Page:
Corn Ethanol Endangers Economy, Strategist Warns

"You can take out food prices" from core inflation "as long as everybody stops eating." So says Jose Rasco, U.S. investment strategist at Merrill Lynch. He joined "Squawk on the Street" to explain how corn-based ethanol is driving "agflation" -- rapidly rising food prices -- and potentially threatening the overall economy.

Rasco told CNBC's Mark Haines that food prices, usually removed from inflation calculations, should actually be given more weight. The investment strategist pointed to the rule-of-thumb that says food inflation is twice as important to consumers as energy prices. He noted that budgeting energy, however painful, is possible -- but food rationing is far less practical, "unless we all go on a serious diet."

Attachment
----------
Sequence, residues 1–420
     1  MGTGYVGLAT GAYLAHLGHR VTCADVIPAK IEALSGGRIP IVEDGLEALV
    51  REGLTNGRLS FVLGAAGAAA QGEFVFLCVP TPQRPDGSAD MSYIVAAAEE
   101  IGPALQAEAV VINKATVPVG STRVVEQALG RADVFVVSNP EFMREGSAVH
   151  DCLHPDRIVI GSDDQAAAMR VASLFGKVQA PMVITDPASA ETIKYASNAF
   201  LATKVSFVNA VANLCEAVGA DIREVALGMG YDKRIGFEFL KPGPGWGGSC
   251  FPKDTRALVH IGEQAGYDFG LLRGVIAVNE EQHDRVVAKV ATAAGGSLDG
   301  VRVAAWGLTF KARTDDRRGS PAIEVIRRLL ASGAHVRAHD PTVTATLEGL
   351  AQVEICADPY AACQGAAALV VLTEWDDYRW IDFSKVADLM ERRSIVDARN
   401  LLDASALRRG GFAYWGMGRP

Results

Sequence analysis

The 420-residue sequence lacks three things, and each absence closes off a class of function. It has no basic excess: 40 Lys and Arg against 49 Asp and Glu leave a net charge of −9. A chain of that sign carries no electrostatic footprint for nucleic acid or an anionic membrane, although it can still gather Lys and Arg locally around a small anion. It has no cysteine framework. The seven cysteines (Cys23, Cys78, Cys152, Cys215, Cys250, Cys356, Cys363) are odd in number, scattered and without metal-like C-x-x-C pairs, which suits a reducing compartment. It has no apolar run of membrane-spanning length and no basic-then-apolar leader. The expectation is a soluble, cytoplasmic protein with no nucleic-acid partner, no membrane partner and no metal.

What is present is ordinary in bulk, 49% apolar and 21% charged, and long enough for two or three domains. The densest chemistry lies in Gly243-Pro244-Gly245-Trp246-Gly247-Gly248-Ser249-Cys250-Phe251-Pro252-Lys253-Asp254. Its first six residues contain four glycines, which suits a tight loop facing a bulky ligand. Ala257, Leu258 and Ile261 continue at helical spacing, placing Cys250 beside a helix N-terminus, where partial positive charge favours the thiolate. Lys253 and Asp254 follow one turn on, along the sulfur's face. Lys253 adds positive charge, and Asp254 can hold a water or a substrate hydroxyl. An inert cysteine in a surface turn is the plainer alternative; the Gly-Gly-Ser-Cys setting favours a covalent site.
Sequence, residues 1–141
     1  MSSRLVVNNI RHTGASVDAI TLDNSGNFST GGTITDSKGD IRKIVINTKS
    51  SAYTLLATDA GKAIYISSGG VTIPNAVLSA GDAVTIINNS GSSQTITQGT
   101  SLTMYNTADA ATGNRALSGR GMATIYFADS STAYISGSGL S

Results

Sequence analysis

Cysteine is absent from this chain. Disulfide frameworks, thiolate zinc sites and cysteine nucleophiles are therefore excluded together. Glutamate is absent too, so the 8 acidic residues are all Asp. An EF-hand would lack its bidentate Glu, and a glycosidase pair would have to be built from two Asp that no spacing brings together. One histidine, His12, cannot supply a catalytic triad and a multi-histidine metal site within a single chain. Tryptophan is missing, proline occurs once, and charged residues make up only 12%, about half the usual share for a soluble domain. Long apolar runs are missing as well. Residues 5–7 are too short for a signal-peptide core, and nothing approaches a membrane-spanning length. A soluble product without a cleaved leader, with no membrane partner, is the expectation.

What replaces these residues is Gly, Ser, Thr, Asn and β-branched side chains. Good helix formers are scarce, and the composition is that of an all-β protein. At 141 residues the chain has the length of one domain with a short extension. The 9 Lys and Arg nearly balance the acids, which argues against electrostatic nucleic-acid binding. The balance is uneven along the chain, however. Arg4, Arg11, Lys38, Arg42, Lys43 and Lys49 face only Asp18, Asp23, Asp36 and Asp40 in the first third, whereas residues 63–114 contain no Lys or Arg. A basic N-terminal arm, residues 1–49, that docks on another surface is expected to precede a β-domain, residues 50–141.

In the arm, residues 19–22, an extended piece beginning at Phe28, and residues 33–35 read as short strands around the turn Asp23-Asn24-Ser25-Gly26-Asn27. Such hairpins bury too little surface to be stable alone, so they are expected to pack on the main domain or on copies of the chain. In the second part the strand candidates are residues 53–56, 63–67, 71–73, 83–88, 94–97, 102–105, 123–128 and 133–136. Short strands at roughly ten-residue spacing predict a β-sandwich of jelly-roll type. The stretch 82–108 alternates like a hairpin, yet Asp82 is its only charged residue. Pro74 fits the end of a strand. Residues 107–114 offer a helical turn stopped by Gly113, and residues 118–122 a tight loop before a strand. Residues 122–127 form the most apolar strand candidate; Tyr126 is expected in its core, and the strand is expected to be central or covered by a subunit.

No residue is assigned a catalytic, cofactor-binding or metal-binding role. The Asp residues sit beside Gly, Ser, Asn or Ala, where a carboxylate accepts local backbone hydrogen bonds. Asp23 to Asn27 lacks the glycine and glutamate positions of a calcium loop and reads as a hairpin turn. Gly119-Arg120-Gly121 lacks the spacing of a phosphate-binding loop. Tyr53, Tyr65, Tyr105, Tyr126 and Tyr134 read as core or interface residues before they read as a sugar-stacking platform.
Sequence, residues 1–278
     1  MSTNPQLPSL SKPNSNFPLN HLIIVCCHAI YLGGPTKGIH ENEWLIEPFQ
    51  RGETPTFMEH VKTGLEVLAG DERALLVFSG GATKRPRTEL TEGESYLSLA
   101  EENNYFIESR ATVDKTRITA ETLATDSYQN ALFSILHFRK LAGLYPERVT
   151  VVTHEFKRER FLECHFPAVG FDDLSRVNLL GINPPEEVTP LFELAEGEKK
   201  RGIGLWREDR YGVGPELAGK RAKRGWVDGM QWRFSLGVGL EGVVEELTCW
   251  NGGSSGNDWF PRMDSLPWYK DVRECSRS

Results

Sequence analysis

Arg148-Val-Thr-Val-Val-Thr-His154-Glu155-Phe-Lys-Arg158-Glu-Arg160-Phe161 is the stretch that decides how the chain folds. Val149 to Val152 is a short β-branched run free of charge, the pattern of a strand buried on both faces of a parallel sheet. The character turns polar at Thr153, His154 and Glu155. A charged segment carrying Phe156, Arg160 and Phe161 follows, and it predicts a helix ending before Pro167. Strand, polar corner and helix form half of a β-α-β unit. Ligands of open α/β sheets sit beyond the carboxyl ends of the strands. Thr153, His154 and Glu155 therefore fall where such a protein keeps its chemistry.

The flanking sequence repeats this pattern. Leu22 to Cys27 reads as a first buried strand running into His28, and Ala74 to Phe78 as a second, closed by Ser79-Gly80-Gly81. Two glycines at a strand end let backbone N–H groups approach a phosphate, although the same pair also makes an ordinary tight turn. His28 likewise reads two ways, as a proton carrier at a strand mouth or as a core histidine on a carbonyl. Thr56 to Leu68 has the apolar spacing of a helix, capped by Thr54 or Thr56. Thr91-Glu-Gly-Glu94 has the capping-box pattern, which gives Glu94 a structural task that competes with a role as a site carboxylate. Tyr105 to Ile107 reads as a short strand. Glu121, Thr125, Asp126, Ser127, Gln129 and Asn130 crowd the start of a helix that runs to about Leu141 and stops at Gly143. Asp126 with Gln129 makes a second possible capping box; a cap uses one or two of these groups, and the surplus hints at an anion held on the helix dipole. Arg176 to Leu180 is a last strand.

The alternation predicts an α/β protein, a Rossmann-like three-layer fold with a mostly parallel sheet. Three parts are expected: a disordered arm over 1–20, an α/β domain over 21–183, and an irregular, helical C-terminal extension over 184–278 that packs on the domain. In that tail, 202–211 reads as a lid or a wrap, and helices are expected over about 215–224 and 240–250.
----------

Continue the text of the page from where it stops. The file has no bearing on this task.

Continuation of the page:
He said agflation is also complicated by "global supply and demand imbalances." He explained that with the biggest corn plantings since 1944, and wheat and soybean production "the lowest in decades," there is "pressure throughout the food chain" -- affecting prices of grain byproducts and meats.

"Rising food prices will have a material affect on the economy," Rasco warned. "The middle class to lower-middle class are going to be squeezed."